Five teeter totters on Mount Fromme that were set to be dismantled following a liability case in Ontario have been saved following the advocacy work of the NSMBA and local mountain bikers.
The case in question held Bruce County liable when a man broke his neck and ended up paraplegic following a fall off a similar obstacle in 2008. The court claimed that the rider was insufficiently warned about the dangers of the obstacle, setting a legal precedent for municipalities to oversee safety measures and own responsibility for accidents.
As a result, the North Vancouver district told the North Shore Mountain Biking Association (NSMBA) it would move to dismantle five teeter totters on Mount Fromme between now and the end of the year. The teeter totters set to be dismantled included the one on Ladies Only, which is claimed to be the first in the world for mountain bikes, and the one on Pipeline on which a rider from Idaho died in 2013.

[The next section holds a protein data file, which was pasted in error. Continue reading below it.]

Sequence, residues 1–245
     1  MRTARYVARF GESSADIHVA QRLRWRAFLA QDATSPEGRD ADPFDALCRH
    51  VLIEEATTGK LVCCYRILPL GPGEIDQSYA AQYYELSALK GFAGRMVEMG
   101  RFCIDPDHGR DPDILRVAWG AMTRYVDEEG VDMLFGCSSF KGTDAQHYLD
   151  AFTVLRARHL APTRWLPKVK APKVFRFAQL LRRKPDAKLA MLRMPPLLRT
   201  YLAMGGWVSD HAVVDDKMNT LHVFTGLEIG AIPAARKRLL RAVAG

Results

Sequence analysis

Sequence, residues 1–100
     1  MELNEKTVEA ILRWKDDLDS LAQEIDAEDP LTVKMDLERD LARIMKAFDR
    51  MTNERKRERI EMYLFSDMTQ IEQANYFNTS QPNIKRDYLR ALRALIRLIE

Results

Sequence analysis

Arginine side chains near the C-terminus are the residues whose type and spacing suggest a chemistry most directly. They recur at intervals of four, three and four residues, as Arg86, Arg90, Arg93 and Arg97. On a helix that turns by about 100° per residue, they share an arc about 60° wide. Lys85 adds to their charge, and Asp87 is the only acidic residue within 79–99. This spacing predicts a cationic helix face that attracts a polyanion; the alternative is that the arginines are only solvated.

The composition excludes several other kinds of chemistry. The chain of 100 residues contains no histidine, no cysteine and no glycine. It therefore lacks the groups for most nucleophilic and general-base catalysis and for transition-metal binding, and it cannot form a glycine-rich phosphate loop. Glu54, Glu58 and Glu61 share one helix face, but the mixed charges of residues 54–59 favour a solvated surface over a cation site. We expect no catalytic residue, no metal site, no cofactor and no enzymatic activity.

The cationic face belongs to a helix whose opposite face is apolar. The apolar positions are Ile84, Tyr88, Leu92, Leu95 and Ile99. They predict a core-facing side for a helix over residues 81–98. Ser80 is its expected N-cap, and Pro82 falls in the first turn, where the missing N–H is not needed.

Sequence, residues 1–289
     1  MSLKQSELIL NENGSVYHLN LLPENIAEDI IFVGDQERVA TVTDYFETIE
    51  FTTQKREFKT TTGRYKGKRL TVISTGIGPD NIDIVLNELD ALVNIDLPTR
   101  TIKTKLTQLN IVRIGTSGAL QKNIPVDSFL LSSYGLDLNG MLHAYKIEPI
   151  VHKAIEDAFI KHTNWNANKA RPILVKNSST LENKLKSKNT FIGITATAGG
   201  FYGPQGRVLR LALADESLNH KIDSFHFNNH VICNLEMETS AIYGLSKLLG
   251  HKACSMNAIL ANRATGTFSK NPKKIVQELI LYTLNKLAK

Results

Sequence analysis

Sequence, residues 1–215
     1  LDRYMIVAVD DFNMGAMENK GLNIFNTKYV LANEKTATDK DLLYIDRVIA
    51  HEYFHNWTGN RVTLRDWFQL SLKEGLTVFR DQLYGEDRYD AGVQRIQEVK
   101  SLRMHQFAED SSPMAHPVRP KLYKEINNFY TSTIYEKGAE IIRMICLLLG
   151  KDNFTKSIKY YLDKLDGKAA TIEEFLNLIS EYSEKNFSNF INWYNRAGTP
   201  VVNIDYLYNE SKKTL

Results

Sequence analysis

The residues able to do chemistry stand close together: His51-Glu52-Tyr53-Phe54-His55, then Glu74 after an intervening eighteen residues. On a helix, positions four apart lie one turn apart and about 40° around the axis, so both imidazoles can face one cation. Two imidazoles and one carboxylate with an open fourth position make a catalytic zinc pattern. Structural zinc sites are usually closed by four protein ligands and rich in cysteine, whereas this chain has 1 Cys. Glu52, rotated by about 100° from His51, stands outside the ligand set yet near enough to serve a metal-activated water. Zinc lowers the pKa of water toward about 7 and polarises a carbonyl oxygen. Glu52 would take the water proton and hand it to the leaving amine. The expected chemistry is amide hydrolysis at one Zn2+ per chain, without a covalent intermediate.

Mike Little, the North Vancouver Mayor told globalnews.ca
, "The simplest solution was to remove the teeter-totters. I’m a heritage guy and I would love to retain them for that, but we do have to manage the risk."
However, thanks to pressure from the NSMBA, Mayor Little confirmed yesterday that after a meeting with the Municipal Insurance Association the teeter totters would stay in place for the time being with better signage and alternative routes to be put in, something which most of the at risk see saws already have.
Mayor Little told globalnews.ca, "We do see mountain biking as being a significant part of our identity for North Vancouver and we definitely want to keep that active and healthy in our community, but we always have to reassess when safety matters come up and make sure that the risks are being mitigated in an appropriate and reasonable way."
Cooper Quinn, president of the North Shore Mountain Biking Association, described the news as "awesome". He said, "I think it speaks to the district really reacting to the community’s reaction and understanding, listening to the people and trying to find a balance between risk management and the value of the resources that we have. It means a lot to the people who built them decades ago and the people who, you know, are still learning, getting the ability level to such that they can ride them in the future here.“